Churches in New York and New Jersey are sticking around providing aid to victims of Hurricane Sandy even two weeks after the storm ravaged shore-lining homes and neighborhoods. Some churches of differing denominations and theologies are banding together for the greater cause of helping those most in need. Daniel Delgado, pastor and executive director of Third Day Missions, told The Christian Post that from day one of the relief campaign, it was exciting to see such unity in the body of Christ. Delgado called it "a true move of God."
"Quite frankly, if you're hungry, if you're naked, you don't care who gives you food and who gives you clothes. It's all about reaching people right now," he said. "It's not about rocking banners." Delgado also says the believers band together to help reassure victims that God has not abandoned them. "Jesus Christ is ... going to appear through us. God's in the midst of all this through his people."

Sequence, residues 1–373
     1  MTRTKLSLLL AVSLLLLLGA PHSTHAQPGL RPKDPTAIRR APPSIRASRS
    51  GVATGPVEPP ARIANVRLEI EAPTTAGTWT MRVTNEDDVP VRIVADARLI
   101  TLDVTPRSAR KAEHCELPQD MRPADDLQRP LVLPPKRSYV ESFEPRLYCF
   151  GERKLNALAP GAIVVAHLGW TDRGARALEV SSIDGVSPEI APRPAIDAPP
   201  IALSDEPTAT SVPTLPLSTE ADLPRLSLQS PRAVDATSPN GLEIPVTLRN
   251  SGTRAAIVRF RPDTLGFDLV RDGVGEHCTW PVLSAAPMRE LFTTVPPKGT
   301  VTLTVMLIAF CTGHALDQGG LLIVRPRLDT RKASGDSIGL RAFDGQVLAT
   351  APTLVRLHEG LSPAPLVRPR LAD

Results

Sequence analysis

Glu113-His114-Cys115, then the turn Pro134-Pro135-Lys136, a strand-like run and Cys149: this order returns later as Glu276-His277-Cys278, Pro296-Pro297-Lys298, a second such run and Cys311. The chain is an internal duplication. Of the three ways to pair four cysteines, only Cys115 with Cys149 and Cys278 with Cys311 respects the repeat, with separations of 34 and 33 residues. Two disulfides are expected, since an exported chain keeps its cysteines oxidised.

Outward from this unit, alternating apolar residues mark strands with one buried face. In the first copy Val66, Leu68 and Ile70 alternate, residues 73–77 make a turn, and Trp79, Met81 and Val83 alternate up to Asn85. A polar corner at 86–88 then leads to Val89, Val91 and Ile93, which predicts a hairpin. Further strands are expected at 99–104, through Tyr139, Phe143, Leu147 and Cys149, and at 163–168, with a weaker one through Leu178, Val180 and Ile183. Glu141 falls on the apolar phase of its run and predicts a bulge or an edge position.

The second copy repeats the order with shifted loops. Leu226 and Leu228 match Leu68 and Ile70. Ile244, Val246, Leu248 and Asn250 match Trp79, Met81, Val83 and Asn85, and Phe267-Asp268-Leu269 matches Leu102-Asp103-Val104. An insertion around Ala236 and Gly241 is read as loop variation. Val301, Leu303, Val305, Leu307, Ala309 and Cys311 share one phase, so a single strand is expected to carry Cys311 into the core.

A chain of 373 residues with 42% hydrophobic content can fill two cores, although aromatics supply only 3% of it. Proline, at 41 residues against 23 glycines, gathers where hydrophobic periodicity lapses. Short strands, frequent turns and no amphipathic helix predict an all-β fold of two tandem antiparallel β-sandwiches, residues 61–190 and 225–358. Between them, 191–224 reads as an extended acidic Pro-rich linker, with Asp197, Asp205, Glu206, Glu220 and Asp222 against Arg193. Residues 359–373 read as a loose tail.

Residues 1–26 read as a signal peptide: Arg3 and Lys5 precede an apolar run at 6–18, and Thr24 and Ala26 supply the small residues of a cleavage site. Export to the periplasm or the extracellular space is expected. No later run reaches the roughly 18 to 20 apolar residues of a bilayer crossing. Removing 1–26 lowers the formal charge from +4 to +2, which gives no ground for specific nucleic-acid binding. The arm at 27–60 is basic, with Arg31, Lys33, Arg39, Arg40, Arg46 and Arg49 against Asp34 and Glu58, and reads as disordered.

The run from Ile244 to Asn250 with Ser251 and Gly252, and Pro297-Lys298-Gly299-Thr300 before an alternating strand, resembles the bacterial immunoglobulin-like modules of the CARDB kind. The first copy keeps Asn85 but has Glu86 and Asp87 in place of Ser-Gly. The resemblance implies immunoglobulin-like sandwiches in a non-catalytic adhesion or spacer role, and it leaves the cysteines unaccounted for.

Four large churches in the affected areas have acted as hubs for relief collections and distribution. These churches have been accepting donations and assistance from large organizations, a chaplaincy group including various faiths, and even the local Amish and Mennonites have volunteered to participate in clean-up efforts.
The Washington Post estimated the damage to the eastern seaboard from Hurricane Sandy at as much as $20 billion. The storm killed more than 100 people, 43 of these in New York and 23 of those in Staten Island. Millions were left without power and thousands were left homeless.
Driscoll: As Christians, we don't worship our work. Our work is an opportunity to worship Jesus.
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